Susan R. Wessler, Distinguished Research Professor of Plant Biology at UGA, has been named a Regents Professor by the University System of Georgia Board of Regents. Her new position takes effect in August.
Regents Professorships are granted by the board to outstanding faculty members for an initial period of three years and are renewable for a second three-year period based on recommendations. Wessler is the first woman named a Regents Professor at UGA.
Awardees receive a $10,000 permanent increase in salary, in addition to the merit raise, in the year of initial appointment. They also receive a yearly fund of $5,000 in support of their scholarship.
“I consider this a great honor, and I am grateful to the regents for the recognition,” says Wessler. “It is a tribute to the work of many talented people in my lab over many years.”
Wessler is recognized for her work in molecular biology and genetics. She is best known for her studies of transposable elements in plant genomes and their contribution to gene and genome evolution.
“I am personally delighted that Dr. Wessler, one of our best and brightest, has received this award,” says Garnett S. Stokes, dean of the Franklin College of Arts and Sciences. “It is a tribute to a magnificent career that will continue to bear fruit for many years to come.”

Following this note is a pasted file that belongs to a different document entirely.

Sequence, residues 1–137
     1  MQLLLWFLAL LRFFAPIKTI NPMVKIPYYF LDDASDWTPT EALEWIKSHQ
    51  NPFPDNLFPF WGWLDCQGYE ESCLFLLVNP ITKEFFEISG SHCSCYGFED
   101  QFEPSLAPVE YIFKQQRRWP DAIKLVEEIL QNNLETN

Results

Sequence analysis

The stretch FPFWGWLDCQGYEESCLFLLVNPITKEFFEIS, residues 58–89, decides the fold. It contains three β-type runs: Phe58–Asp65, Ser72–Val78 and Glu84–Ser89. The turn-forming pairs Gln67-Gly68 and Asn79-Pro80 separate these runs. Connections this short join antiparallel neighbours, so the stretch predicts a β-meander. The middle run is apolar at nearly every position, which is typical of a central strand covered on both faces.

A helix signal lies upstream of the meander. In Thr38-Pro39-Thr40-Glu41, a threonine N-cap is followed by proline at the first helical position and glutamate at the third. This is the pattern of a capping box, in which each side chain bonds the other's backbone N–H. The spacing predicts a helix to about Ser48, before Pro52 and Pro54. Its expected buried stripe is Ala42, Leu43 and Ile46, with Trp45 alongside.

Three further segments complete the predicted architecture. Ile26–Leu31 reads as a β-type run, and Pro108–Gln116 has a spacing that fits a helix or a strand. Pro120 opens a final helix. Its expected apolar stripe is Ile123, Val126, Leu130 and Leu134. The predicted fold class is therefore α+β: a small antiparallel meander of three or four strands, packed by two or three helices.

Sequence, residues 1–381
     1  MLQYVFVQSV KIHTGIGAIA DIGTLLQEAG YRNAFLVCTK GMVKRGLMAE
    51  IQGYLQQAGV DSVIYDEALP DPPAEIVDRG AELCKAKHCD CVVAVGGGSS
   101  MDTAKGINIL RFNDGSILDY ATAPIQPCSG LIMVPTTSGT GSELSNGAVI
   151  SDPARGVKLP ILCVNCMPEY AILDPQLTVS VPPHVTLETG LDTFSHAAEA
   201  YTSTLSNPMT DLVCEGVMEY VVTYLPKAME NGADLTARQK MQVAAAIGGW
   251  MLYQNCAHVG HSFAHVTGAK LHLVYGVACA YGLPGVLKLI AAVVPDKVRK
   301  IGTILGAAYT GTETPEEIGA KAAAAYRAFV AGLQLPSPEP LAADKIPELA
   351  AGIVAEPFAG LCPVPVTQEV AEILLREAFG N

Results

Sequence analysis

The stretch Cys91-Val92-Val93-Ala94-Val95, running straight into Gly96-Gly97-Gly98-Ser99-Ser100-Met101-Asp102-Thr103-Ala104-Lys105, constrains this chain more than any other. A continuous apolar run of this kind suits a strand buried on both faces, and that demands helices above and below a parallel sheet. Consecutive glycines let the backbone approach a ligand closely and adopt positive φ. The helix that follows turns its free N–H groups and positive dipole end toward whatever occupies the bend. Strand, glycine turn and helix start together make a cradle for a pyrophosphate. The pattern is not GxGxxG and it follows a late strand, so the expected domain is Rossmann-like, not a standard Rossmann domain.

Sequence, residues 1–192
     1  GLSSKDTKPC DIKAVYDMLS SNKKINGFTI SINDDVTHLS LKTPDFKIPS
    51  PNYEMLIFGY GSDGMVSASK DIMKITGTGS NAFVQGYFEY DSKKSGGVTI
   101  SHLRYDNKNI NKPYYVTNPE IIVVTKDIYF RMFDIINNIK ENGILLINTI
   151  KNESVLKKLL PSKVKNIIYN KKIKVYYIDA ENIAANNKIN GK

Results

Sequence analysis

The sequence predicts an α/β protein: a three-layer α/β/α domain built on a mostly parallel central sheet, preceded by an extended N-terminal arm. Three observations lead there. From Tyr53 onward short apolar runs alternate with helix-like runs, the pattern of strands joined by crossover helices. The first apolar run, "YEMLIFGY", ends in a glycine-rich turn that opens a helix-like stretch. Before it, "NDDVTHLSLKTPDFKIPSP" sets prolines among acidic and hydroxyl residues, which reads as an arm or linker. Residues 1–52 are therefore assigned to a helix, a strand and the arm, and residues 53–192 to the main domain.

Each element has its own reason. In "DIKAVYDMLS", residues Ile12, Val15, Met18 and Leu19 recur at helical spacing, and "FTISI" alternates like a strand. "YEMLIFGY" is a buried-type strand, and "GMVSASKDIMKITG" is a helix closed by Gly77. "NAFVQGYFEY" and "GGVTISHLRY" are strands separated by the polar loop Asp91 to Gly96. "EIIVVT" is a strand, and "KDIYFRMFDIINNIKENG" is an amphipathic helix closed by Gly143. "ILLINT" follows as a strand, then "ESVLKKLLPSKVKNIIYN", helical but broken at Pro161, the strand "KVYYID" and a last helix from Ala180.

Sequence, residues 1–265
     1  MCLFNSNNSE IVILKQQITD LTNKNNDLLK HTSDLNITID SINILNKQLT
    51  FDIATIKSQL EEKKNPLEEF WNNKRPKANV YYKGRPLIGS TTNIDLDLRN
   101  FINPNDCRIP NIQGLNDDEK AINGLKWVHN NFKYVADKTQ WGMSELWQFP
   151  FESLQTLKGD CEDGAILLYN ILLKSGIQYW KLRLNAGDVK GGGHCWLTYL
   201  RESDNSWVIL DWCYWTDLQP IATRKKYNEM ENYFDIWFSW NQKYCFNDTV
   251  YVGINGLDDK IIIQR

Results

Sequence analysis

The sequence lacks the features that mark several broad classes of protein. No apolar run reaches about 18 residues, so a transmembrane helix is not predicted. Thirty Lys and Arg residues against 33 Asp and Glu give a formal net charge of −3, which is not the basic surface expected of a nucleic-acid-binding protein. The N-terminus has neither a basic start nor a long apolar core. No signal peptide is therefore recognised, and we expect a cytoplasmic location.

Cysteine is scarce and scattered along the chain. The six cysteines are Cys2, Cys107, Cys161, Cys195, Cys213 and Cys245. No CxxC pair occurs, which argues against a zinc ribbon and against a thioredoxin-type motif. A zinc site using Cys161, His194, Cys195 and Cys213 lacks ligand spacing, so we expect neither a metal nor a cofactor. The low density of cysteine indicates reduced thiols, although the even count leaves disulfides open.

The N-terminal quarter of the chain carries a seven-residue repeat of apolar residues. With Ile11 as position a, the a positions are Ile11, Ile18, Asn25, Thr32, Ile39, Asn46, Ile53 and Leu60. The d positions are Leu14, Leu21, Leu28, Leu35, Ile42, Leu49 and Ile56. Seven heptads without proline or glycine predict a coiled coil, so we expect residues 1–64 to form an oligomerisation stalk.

Wessler was born in New York City in 1953. She is a graduate of the Bronx High School of Science and received her bachelor’s degree in 1974 in biology from the State University of New York at Stony Brook. She received her Ph.D. in biochemistry from Cornell University in 1980 and was a postdoctoral fellow of the American Cancer Society at the Carnegie Institution of Washington, department of embryology, in 1980-1982. She began her career at the University of Georgia in 1983 as an assistant professor of botany, rising through the ranks to full professor of botany and genetics in 1992. She has held the title of Distinguished Research Professor since 1994. She is the recipient of the Creative Research Medal (1991) and the Lamar Dodd Award (1997) from the University of Georgia. In 1998 she was elected to the National Academy of Sciences and in 2004 was elected Councilor of the Academy.
“Susan Wessler is an outstanding scientist who has done pioneering work on transposable elements and their role in evolution,” says Wyatt Anderson, former dean of the Franklin College and himself an NAS member.
She is co-author of The Mutants of Maize and of more than 100 research articles. She is one of the principle authors of Introduction to Genetic Analysis (eighth edition), the leading textbook used in introductory genetics courses in colleges and universities throughout the world. In addition, she is an associate editor of the journal Genetics and is on the editorial boards of the Proceedings of the National Academy of Sciences and Current Opinions in Plant Biology. Wessler is also a much sought-after speaker at seminars worldwide, appearing across the U.S. and in such other places as China and Ireland.